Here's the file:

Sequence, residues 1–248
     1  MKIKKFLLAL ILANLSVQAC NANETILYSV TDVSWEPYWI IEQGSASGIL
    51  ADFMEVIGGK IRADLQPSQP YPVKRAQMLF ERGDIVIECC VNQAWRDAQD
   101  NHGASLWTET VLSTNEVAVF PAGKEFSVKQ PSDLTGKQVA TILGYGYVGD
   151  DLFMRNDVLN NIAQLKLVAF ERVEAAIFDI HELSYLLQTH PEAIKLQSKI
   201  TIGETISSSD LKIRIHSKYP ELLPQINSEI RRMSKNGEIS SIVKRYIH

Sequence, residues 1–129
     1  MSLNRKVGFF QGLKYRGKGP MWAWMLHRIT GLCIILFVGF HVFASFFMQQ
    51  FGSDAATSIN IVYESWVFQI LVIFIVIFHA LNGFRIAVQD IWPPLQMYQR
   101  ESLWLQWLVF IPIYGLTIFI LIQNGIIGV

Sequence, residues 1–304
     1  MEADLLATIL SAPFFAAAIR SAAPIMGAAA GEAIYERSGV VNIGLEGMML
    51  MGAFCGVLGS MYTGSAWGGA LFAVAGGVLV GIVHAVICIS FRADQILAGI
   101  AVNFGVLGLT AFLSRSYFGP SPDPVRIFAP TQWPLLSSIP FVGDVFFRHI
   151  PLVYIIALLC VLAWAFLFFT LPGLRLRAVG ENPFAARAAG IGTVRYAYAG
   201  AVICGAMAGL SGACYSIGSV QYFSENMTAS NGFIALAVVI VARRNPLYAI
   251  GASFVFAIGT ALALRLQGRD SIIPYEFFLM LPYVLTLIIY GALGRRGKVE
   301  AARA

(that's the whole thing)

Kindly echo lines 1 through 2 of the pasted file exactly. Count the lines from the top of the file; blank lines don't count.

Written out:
Sequence, residues 1–248
     1  MKIKKFLLAL ILANLSVQAC NANETILYSV TDVSWEPYWI IEQGSASGIL